This work is generously supported by The Aetna Foundation.
Using the Protective Factors Framework to Inform System Building
The critical role of early childhood professionals in mitigating the impacts of toxic stress is increasingly recognized in the field. Recently, many have adopted a strengths-based approach to working with young children and their families that reflects the Strengthening Families Protective Factors Framework developed by the Center for the Study of Social Policy. The framework guides professionals to support families by promoting social connections, knowledge of parenting and child development, social and emotional competence of children, parental resilience, and concrete support in times of need.
Given the complexity of measuring the impact of early childhood interventions and the merits of adopting a strength-based approach, this project seeks to expand the use of the Protective Factors Framework in program design, implementation, and evaluation through the HMG National Network. In partnership with CSSP and the Office for Community Child Health, the HMG National Center will operationalize the Protective Factors Framework by supporting the integration of protective factors as a tool to reflect on HMG workflow and process improvement. This project consists of a structured learning collaborative focused on strengthening the protective factors; participants in the collaborative leverage a Program Self-Assessment Tool to reflect on their existing processes and procedures and whether and how certain workflow improvements could increase their capacity to strengthen families.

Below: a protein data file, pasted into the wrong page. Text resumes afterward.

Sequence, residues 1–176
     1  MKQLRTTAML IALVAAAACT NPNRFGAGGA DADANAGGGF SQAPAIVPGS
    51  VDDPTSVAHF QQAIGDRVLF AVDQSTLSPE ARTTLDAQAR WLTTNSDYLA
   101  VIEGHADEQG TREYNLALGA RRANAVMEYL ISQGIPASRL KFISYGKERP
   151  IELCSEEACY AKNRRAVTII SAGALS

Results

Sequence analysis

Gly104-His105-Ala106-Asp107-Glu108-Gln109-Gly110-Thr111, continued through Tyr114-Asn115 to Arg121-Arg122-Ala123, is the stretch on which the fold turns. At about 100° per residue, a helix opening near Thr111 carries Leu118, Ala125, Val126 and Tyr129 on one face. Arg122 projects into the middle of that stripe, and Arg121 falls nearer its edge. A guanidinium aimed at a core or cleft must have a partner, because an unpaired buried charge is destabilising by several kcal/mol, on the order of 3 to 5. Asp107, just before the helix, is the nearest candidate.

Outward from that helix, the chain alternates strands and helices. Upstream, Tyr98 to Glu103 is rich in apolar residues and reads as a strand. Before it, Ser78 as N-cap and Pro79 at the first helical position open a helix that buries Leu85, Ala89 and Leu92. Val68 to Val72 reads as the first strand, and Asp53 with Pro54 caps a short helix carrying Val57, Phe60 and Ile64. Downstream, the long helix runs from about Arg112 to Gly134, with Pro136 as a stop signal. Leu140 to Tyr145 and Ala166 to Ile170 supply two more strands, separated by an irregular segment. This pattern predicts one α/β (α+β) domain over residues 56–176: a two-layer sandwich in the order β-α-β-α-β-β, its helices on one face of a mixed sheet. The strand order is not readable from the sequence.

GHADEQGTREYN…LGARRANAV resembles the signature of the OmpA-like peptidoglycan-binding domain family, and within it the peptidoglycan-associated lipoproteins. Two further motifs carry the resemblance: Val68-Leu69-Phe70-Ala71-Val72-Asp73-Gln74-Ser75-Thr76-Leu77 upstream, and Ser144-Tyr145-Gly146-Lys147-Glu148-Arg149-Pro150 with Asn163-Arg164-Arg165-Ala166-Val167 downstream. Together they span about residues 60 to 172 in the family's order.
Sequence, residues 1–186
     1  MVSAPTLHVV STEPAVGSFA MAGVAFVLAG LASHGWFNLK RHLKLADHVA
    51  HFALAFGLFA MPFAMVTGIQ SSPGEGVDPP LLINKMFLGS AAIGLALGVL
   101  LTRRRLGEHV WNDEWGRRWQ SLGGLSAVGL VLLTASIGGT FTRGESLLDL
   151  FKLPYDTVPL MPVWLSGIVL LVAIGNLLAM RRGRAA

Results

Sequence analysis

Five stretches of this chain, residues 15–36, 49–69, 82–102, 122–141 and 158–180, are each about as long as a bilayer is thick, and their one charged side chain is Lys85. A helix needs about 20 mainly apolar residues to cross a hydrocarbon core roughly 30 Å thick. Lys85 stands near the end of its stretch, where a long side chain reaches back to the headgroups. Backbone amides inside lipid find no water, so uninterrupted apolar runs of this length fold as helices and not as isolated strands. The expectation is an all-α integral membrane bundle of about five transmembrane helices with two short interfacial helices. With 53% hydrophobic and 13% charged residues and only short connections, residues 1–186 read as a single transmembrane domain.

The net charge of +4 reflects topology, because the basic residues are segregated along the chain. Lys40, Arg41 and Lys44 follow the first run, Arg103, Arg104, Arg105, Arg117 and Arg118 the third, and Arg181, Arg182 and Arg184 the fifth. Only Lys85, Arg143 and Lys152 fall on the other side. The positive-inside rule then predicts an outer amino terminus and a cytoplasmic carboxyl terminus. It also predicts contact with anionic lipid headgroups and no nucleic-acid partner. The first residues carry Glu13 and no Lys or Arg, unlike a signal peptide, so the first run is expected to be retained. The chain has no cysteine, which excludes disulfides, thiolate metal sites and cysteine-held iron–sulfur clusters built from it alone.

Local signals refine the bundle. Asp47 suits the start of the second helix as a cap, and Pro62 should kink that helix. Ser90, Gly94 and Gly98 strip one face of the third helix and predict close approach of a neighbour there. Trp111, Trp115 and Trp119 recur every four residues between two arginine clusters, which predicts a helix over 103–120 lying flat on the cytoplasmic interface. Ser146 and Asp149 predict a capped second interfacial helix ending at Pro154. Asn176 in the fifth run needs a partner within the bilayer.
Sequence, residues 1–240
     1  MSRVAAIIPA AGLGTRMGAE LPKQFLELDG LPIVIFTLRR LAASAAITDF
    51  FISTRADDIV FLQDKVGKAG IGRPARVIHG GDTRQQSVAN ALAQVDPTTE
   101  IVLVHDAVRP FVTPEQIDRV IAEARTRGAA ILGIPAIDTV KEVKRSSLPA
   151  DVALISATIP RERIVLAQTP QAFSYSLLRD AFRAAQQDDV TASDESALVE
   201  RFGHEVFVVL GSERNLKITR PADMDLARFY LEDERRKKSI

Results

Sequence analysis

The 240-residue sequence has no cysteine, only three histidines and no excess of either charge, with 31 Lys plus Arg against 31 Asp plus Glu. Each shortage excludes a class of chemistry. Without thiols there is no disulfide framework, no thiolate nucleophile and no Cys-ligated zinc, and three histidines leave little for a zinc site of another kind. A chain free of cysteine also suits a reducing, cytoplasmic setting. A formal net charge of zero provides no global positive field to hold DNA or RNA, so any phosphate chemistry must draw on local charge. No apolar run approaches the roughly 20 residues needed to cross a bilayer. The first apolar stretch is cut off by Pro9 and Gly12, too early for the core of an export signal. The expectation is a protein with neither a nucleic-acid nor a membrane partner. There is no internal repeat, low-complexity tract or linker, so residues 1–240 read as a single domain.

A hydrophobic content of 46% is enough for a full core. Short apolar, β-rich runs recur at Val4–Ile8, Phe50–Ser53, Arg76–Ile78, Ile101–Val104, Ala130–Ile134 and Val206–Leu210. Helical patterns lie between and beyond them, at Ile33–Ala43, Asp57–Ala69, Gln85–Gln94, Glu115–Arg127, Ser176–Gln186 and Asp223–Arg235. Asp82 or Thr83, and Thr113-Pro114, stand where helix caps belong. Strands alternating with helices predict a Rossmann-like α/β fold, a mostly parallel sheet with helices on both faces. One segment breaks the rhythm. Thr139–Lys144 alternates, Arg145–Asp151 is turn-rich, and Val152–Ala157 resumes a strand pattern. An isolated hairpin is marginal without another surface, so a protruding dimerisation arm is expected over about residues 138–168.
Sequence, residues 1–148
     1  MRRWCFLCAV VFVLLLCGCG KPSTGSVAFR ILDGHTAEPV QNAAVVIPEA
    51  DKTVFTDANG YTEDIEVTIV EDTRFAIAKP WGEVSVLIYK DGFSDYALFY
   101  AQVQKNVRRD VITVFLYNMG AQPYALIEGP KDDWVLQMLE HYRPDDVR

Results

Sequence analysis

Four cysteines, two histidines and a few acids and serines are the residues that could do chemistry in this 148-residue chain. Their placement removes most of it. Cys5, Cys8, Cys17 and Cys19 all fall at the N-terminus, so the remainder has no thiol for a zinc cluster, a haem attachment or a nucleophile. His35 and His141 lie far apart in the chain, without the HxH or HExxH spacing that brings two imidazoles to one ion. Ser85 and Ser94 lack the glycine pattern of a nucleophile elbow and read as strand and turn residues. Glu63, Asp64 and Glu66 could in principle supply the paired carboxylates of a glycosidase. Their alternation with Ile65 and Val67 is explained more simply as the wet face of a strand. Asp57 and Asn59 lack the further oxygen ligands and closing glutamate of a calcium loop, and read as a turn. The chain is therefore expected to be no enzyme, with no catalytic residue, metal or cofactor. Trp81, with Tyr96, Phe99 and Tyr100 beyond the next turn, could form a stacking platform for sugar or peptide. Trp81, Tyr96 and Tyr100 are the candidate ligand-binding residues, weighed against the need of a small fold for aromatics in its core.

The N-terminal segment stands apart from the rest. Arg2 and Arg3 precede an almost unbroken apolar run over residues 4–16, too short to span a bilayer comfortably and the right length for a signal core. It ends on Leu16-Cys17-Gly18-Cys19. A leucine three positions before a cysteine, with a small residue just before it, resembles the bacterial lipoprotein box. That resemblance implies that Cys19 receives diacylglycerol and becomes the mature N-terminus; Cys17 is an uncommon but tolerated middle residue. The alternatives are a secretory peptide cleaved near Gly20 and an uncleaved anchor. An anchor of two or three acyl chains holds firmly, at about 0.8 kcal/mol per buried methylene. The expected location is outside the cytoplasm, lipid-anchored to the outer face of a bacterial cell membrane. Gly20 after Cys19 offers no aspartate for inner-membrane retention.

Throughout the learning collaborative, participating sites will use Quality Improvement methodology and ongoing Plan-Do-Study-Act (PDSA) cycles to introduce small tests of change and identify and share best practices to strengthen the protective factors through their internal program structure and protocols. We anticipate that demonstrating successful utilization of the Protective Factors Framework during the one year of this project will yield the tools and experience to enable the HMG National Center to support the National Network in adopting the Protective Factors framework in their early childhood system building efforts.